“You have been faithful in following me somewhere new. I will bless your name and your house. Look up, Abraham. You see all those stars? Well, your offspring will outnumber those stars. I will make a nation of your descendants. I will be there God and they will be my people.”
Abraham and Sarah got a kick out of this since they had never had any children. Who was God going to bless? But then the impossible happened and they became parents to Isaac. God was full of surprises and people learned, “Never say never,” when it comes to promises from heaven.
Moses and the Law
Abraham’s descendants were called the Israelites and, many generations later they became slaves in Egypt. The Pharaoh used them for hard labor. He wanted great numbers and he got them because God’s promise to make a great nation of Abraham was still bearing fruit. And yet Pharaoh was threatened by the Israelites and worried they would resist their oppressors someday.
Moses, raised in Pharaoh’s home but an Israelite by birth, was called by God to lead the resistance out of Egypt. They stopped making bricks and gathered their few possessions to follow a pillar of cloud and fire someplace else. Their strength and pace were vulnerable, their identity unclear: if we are no longer slaves, then who are we?
When death seemed imminent, God reminded them that water is life. He pulled apart the Red Sea making a way forward where there hadn’t been one. They were transformed on that ocean floor, woven into a story that held them safe and gave them home when the wilderness was unbearable and the wandering made them feel forsaken. God told them again and again until it was written on their hearts: “I am the Lord your God, the God of Abraham, Isaac, and Jacob, the God who heard your cries in the land of Egypt and brought you out of slavery.” God gave them laws that set them apart from other nations, weaving together their social, spiritual, economic, dietary, cultural practices as one unique fabric. This new identity did not mean freedom was easy or life was guaranteed, but it did proclaim that they belonged to someone fiercely in love with them who was leading the way.
David and Politics
It didn’t take long for peer pressure to set in once the Israelites were free. They wanted land and they wanted an army, and they wanted a king most of all. “But I’m your king,” God said, a bit hurt. “We know you’re our king and our God and all that good stuff, but people can’t see you. You’re not right here like us. We want an earthly king so we can be like all the other nations.” God tried to explain that kings just tax you without your best interest in mind. And the people seemed to get that. Then God tried to explain that an earthly king would confuse heavenly justice with earthly justice and this kind of leadership would make them less focused on proclaiming and working for heavenly justice. And the people seemed to get that, too. “Please, pretty please?!”
And so there were kings in Israel. And when David became king, God reminded the people to keep looking beyond their earthly rulers for salvation, that one day the Messiah would be born a descendant of David and he would establish a kingdom that would last forever.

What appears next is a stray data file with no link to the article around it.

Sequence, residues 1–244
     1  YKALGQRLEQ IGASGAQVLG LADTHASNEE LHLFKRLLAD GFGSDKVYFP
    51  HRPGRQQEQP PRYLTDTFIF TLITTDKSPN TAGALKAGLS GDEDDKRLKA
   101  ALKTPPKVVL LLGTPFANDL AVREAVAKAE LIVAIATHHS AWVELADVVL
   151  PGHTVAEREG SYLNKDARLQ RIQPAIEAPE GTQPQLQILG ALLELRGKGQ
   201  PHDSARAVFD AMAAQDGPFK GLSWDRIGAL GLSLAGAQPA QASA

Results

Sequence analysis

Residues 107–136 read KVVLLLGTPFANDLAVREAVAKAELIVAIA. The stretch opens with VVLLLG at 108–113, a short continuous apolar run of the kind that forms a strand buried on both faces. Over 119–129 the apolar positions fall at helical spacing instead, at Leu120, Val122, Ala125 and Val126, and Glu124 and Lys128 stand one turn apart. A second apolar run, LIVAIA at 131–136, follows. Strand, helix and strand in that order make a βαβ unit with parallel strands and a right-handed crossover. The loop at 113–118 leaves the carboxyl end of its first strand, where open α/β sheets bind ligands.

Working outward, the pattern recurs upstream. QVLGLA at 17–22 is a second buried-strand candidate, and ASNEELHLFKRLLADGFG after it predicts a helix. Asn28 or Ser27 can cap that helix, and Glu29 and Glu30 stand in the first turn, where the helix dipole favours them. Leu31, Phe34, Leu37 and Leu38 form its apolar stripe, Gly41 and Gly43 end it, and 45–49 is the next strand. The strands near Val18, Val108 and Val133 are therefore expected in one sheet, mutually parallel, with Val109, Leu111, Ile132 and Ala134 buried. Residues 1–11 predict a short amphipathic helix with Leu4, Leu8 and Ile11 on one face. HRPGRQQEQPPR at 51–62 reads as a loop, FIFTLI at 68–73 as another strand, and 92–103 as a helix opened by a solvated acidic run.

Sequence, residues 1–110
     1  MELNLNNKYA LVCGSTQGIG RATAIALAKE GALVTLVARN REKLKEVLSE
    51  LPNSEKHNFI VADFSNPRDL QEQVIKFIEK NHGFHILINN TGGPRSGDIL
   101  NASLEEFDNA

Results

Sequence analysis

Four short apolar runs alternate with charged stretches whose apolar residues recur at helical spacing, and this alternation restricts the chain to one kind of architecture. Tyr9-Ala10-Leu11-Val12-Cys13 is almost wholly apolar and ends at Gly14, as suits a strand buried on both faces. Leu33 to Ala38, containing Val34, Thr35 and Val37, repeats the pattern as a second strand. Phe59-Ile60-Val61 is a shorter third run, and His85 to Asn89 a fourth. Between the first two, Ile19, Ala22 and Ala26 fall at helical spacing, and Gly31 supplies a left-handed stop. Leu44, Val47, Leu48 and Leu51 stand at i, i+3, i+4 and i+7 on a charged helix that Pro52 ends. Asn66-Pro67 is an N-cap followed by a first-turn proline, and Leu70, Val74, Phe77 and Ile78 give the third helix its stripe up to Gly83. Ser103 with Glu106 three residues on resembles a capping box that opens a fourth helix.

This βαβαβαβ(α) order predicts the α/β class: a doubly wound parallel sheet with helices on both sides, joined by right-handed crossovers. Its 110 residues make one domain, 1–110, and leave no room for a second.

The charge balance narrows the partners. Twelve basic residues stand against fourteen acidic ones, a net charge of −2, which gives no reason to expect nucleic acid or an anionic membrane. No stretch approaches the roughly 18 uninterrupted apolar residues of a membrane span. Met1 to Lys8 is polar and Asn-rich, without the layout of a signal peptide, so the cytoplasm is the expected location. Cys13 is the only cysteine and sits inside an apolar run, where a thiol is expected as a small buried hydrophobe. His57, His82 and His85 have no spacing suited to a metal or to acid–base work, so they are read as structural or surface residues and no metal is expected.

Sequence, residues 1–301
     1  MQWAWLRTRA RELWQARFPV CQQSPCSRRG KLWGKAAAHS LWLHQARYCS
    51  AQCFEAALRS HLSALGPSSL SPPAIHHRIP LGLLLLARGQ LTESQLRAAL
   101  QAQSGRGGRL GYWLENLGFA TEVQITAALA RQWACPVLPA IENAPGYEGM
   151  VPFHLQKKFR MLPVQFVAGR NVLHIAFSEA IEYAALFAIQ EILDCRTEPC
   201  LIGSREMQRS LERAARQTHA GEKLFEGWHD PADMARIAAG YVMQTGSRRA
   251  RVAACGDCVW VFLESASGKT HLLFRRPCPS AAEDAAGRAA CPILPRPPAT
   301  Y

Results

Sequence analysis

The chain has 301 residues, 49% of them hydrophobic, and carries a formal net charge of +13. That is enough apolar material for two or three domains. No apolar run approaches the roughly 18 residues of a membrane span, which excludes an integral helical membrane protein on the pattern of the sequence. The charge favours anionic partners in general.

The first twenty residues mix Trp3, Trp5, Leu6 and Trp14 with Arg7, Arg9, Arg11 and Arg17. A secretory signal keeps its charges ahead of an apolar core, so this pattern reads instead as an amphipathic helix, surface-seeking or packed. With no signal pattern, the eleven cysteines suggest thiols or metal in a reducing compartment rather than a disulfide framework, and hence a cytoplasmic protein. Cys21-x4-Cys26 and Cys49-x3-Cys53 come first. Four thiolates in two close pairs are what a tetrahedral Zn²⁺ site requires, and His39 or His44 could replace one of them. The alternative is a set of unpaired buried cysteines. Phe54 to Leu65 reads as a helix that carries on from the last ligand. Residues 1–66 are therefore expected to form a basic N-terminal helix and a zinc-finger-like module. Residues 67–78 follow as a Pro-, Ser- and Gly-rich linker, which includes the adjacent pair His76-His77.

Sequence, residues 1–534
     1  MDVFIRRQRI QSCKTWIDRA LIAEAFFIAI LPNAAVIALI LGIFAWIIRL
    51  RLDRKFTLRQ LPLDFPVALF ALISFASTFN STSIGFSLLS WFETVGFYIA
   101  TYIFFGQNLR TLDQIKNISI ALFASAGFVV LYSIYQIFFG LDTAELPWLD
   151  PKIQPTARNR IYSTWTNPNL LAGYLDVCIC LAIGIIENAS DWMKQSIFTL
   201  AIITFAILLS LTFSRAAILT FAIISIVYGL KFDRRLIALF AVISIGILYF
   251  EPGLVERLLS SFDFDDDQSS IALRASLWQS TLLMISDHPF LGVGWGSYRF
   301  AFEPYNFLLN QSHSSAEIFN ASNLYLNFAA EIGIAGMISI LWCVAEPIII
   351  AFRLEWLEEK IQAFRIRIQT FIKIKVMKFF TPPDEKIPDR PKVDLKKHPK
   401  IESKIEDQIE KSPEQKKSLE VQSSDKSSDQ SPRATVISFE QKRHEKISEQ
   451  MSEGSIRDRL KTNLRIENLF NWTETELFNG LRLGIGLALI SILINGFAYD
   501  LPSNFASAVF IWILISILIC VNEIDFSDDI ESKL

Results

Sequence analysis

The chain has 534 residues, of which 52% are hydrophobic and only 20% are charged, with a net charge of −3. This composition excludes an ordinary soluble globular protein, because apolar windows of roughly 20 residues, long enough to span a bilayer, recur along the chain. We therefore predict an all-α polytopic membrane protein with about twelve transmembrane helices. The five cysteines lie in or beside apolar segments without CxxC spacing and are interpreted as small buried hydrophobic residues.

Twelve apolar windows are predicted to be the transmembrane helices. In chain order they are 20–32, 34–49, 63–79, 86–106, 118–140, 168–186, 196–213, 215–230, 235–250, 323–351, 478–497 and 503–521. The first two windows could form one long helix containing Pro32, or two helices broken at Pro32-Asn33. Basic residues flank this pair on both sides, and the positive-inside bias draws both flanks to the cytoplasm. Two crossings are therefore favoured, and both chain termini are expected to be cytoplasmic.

The Great Exchange in Christ
People were holding their breath for this Messiah long promised and they waited so long that prophecies turned to folklore. They are looking for him on the inside, with the brawn and great power and the easy answers.
But Christ comes not from God’s brawn, but from God’s long memory of destruction, earth’s sin and the great flood that left a colorful sign of mercy and life instead.
And Christ comes not from God’s great power, but from God’s sacrificial love, the One who hears slaves and moves oceans so people are reclaimed and known and set free for both wilderness and homecoming.
And Christ comes not from God’s easy answers, but from God’s first and always declaration, the one that complicates everything: “I have made you very good. You are mine. Nothing will separate you from my love.”
And so when the New Jerusalem comes down out of heaven from God as if prepared for a wedding celebration, we are stirred by a lifetime of memories in the wilderness, held by the promises that have prepared us for the promised land.
This passage is filled with references to the prophets of old, the glimmers of hope God’s people once knew in exile now shine brightly where the people rest in God’s glory, no longer secret or foreign, which fills them with love and gives them the strength to rejoice forever.
See? The home of God is among mortals. They will be together. There will be no more tears because everything is being made new. Write this down because it’s trustworthy and true:
in sickness and in health,
for rich or for poor,
until death parts us and then while life unites us!
I’ll toast to that!
We belong to the Lamb of God, who sits in bright light on the Throne in the city of God
where there is no separation from love
no night to fear
no beasts to slay
but only rejoicing in what was, what is, and what is still to come.
Thank God for the love story, for real hard life, and for promises that carry us home.